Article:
New Reports looking at Sea Lice Dispersal around Scotland
Two new science reports have been published investigating sea lice dispersal between finfish aquaculture management areas around Scotland. The peer-reviewed article published in Estuarine, Coastal and Shelf Science looks at modelling output at a regional scale with some specific examples. The report for the Scottish Marine and Freshwater Science (SMFS) series provides more in depth information for each region.
Although modelling studies examining sea lice connectivity in Scotland have been published before, this is the first study that looks at the whole coast and islands, instead of individual water bodies, or a relatively small subset of areas. This was done using the Scottish Shelf Model, and its sub-models, to highlight and analyse the large-scale dispersal between Farm Management Areas. These are areas defined by the aquaculture industry primarily to coordinate practices to control parasitic sea lice, which have a large economic impact on the industry and raise significant wild fish conservation and farmed fish welfare issues.
The results of these studies provide information which can help develop more effective parasite control strategies.
Key Headlines from Model Simulations:
- We find a general northward flow of particles representing sea lice from mainland farm management areas, aligned with the prevailing circulation.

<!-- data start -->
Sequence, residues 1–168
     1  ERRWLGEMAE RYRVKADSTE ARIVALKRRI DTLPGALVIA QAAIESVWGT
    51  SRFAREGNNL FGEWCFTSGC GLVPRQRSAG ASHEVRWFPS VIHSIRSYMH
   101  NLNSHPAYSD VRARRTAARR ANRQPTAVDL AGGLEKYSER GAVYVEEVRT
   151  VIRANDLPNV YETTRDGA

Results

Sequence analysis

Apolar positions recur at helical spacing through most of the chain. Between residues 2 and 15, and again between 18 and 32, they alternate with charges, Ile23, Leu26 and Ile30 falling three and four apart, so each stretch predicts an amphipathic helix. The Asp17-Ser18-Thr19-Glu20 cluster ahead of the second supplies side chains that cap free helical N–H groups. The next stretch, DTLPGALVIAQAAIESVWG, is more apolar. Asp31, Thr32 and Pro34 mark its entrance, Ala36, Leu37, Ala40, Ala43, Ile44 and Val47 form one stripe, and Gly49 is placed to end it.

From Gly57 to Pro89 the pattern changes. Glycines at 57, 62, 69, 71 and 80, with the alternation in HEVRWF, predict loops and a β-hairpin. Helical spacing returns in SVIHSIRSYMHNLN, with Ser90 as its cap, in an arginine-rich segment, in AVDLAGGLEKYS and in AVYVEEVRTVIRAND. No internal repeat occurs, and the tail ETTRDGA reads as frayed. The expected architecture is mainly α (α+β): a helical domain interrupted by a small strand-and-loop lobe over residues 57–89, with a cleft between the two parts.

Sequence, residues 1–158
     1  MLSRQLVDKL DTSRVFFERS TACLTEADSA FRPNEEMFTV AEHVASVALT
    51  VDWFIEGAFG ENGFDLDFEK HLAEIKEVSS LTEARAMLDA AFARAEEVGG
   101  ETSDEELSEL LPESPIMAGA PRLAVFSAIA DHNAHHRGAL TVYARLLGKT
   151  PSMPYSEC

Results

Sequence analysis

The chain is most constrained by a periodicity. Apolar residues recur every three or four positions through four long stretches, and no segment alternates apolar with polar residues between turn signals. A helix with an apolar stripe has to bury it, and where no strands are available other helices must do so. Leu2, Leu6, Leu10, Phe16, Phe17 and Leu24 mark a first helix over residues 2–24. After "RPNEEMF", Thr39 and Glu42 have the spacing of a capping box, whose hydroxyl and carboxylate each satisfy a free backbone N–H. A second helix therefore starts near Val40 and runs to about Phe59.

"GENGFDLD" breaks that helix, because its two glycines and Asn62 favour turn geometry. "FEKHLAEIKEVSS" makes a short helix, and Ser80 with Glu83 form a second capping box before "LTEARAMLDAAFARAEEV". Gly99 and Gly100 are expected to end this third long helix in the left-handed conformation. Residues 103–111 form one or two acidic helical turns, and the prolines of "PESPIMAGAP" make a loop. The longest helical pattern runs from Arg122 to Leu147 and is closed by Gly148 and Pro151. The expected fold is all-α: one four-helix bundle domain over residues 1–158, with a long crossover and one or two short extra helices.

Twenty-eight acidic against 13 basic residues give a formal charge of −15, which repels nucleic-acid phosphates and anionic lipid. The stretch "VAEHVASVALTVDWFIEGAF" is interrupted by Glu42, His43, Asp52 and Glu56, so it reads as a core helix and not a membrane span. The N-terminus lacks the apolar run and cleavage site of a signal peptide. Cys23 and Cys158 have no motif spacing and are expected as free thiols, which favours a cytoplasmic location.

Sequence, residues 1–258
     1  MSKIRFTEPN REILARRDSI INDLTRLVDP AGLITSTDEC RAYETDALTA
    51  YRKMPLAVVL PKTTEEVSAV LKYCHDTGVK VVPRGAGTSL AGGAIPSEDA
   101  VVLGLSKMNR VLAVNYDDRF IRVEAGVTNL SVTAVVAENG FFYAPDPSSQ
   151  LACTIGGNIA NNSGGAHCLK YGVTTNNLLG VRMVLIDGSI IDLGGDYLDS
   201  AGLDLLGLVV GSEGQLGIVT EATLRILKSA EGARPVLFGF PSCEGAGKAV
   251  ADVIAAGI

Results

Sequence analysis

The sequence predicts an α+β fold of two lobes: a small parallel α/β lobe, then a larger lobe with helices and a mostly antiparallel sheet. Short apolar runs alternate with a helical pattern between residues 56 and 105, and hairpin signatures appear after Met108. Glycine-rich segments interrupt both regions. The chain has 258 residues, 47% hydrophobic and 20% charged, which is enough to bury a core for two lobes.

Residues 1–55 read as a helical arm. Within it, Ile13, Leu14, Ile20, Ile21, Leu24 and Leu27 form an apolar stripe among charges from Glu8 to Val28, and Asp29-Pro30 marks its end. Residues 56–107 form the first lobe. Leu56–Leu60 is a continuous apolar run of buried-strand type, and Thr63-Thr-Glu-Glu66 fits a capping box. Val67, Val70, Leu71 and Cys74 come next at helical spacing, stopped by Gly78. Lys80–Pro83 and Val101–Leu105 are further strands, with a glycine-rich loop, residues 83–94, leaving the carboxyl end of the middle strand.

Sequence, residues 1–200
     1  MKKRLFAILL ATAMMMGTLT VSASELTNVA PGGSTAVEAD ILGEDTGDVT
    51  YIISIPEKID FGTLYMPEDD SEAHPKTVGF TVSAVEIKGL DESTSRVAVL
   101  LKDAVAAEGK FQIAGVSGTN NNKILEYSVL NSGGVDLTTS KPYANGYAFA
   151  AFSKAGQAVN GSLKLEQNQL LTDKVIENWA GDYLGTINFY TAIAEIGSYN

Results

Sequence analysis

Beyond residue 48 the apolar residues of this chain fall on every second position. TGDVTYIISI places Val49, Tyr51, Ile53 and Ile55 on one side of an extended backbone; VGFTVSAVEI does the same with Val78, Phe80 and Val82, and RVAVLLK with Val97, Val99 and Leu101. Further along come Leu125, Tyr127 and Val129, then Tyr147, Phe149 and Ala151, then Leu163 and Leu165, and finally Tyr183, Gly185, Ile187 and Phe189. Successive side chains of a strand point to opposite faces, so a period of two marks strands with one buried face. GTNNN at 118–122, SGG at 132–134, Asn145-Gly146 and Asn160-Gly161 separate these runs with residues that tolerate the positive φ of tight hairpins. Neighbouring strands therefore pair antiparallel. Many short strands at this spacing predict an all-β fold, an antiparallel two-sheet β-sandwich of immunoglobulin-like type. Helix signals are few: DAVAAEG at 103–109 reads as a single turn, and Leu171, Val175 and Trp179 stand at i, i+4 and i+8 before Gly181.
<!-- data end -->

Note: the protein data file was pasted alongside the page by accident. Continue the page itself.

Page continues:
- Some regions (Loch Linnhe/Sound of Mull) can be classified as net exporters of sea lice and some (east coast of the Western Isles, the north-west coast) as net importers, according to our simulations.
- A few regions show far reaching connections, for example between the Scottish mainland and the Western Isles.
- Other areas, such as Shetland, appear to be self-contained but internally well inter-connected.
These results were based on an ‘average year’ simulation. Extreme events and year-specific conditions would most likely introduce additional variability and would potentially result in new connections or the absence of some others identified in this study.
(Main image: Graphical abstract describing the main outcomes of our studies (Rabe et al., 2020))
- Interpretation of sea lice connectivity patterns among Scottish Farm Management Areas.
Authors: Rabe B. and A. Gallego. Publication: Scottish Marine Freshwater Science, Vol 11, No 4, 29pp.
- Applied connectivity modelling at local to regional scale: the potential for sea lice transmission between Scottish finfish aquaculture management areas.
Authors: Rabe B., A. Gallego, J. Wolf, R. O’Hara Murray, C. Stuiver, D. Price and H. Johnson. Publication: Estuarine, Coastal and Shelf Science.
Further Reading on Marine Scotland Information website
- Scottish Shelf Model overview
- Typical Scottish Shelf Model Applications
- Scottish Shelf Model Integration
Tags: aquaculture, Coastal and Shelf Science, Estuarine, farmed fish, finfish aquaculture, Jacobs Engineering, Loch Linnhe, Marine Scotland, Marine Scotland Science, MSS, National Oceanography Centre, oceanography, science, Scottish Marine and Freshwater Science, Scottish Shelf Model, sea lice, Shetland, Sound of Mull, Western Isles, wild fish